THE WORLD HAS NEVER BEEN MORE PROSPEROUS than it is today. People around the world live longer, healthier lives than ever before. In emerging markets, billions of people have moved out of extreme poverty, and in the developed world, we enjoy better medicines, education, information, connectivity, and mobility than most of us could have imagined a quarter century ago. These achievements have many fathers and mothers. Human inventiveness, political leadership, social activism and entrepreneurship have all contributed to what Nobel Prize winner Amartya Sen described as ‘human freedom’. Carefully-crafted policies for the free exchange of goods, services, capital and labour — commonly known as globalization — and the march of technology have also played essential roles. These two forces have increased productivity, opened up markets, and created opportunities for billions of…

access_time14 min.
walmart’s journey to sustainability

How did you come to see Walmart as a possible change-maker in the world? Let me start out with a pretty simple proposition that is, nevertheless, somewhat contentious: business exists to serve society. The question is, how do companies interpret that, and what do they do to fulfill that promise? The most obvious way is to look at what your business does from day-to-day, to serve its customers. Three years ago, soon after I joined Walmart, I travelled to Soweto, South Africa, where we run our stores under the Cambridge banner. I was in one of the stores with our management team, as they coached the person behind the deli counter about food safety — making sure raw chicken didn’t touch the vegetables, and other important procedures. I stood there for a…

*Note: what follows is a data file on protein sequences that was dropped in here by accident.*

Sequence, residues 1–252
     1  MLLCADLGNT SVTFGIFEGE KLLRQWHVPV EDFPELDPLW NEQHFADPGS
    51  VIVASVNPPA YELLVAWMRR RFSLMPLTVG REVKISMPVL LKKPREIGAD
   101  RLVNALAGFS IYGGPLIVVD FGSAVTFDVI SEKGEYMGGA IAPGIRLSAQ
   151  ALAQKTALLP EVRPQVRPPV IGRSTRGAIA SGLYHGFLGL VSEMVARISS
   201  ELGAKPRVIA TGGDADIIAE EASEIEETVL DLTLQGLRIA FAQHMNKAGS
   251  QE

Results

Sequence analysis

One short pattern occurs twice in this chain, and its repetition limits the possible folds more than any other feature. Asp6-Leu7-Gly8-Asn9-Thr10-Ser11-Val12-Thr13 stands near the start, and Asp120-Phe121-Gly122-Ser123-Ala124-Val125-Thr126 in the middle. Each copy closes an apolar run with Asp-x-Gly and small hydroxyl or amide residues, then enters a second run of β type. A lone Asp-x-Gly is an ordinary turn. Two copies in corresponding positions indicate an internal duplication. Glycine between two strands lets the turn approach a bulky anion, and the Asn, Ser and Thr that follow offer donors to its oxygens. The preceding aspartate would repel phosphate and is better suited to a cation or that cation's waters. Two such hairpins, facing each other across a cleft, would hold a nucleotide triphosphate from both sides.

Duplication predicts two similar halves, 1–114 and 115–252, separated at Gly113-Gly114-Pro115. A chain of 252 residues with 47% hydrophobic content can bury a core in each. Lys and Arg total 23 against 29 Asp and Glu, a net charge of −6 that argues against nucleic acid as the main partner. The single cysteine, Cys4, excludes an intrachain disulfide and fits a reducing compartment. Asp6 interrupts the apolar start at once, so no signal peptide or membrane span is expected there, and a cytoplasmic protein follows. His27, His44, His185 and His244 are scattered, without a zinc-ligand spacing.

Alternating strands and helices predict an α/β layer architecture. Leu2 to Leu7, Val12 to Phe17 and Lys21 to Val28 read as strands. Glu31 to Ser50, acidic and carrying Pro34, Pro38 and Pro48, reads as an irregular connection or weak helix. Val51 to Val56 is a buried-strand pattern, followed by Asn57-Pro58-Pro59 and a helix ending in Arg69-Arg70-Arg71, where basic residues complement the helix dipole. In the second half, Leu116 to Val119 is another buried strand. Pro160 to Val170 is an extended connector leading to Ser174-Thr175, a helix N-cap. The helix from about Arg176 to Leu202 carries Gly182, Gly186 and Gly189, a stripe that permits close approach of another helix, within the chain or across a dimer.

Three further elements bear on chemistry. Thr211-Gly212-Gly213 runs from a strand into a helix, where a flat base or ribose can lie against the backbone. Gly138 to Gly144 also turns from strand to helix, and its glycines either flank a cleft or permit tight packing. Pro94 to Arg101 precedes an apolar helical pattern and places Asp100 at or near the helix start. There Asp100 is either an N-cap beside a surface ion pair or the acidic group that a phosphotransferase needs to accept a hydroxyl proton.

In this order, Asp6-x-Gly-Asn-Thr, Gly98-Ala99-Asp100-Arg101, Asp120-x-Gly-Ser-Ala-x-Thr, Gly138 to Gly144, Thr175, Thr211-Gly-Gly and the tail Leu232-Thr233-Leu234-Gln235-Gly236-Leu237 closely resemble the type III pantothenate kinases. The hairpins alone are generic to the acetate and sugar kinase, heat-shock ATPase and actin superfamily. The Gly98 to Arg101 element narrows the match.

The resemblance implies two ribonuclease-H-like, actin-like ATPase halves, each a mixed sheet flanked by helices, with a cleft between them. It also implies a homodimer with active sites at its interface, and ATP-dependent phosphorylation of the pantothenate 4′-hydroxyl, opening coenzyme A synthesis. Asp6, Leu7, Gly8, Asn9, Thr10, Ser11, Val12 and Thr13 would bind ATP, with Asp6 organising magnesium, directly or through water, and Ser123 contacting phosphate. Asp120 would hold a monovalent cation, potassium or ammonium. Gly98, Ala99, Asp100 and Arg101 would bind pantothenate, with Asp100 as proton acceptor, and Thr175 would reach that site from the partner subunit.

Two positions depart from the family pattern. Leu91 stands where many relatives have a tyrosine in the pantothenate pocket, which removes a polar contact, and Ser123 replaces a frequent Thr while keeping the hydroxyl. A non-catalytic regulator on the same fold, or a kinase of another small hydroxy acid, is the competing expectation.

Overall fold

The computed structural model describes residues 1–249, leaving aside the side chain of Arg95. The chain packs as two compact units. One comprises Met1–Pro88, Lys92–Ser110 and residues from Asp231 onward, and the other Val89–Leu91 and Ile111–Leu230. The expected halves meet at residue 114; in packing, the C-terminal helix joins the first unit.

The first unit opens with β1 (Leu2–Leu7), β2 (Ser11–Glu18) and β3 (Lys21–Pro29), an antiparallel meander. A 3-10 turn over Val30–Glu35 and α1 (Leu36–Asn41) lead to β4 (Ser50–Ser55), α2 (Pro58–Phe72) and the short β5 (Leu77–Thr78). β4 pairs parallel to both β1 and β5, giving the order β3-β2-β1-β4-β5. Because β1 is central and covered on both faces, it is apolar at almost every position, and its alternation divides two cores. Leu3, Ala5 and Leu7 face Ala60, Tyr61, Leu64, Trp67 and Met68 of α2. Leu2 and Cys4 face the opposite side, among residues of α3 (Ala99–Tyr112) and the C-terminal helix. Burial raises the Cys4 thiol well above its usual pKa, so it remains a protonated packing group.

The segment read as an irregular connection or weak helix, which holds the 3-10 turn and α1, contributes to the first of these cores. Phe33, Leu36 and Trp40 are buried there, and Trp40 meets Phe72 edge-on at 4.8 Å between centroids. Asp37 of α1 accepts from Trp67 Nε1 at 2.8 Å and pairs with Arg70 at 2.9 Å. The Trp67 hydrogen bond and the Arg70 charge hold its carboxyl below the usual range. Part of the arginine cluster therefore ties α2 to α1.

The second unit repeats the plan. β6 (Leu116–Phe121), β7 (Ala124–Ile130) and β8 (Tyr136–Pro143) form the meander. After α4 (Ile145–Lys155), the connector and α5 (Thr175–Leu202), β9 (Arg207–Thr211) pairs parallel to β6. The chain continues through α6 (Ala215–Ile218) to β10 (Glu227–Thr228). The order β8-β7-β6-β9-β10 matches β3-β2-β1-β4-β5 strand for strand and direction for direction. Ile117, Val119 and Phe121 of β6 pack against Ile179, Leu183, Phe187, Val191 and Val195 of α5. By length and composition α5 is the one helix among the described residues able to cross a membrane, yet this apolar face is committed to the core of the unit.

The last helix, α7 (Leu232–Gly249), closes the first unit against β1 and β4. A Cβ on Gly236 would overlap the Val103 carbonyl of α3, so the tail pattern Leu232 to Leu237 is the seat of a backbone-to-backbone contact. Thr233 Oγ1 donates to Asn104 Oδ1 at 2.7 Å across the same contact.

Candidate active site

access_time16 min.
investing for a sustainable future

IN GENERAL, IT IS ASSUMED that every company’s top executives and its board of directors possess a keen understanding of investor priorities. Indeed, most would agree that this is one of their key responsibilities. Based on their understanding of investor interests, a leadership team will often focus corporate strategy and behaviour in one direction rather than another. For instance, if executives believe that their investors prioritize short-term profits, they will tend to organize sales, cost management, and research and development activities to maximize such profits rather than make certain long-term investments. Today, many executives continue to embrace the conventional wisdom that mainstream investors care very little about an organization’s performance on environmental, social and governance (ESG) metrics. Investors won’t shift their investments, the thinking goes, based on ESG performance. For the seventh…